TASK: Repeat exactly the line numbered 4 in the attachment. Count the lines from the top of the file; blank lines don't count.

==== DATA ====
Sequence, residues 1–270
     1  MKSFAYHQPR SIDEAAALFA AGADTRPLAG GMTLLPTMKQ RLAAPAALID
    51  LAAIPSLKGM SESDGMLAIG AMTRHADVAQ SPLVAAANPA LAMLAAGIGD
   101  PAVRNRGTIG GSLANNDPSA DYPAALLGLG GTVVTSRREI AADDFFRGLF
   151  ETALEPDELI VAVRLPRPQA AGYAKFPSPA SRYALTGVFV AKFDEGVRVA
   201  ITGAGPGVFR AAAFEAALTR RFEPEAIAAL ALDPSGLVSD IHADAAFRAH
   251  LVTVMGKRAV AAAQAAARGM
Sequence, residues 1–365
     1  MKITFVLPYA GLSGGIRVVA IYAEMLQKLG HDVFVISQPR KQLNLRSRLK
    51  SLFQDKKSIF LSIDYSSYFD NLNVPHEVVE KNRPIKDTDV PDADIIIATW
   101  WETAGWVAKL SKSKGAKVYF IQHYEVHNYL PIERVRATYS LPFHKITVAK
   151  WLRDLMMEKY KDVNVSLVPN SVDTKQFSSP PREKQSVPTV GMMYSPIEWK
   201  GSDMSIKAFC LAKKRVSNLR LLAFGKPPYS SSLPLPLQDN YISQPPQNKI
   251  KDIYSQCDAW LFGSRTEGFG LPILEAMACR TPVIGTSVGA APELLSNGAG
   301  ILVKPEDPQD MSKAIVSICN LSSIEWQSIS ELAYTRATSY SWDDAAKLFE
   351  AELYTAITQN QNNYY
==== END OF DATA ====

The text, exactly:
   101  PAVRNRGTIG GSLANNDPSA DYPAALLGLG GTVVTSRREI AADDFFRGLF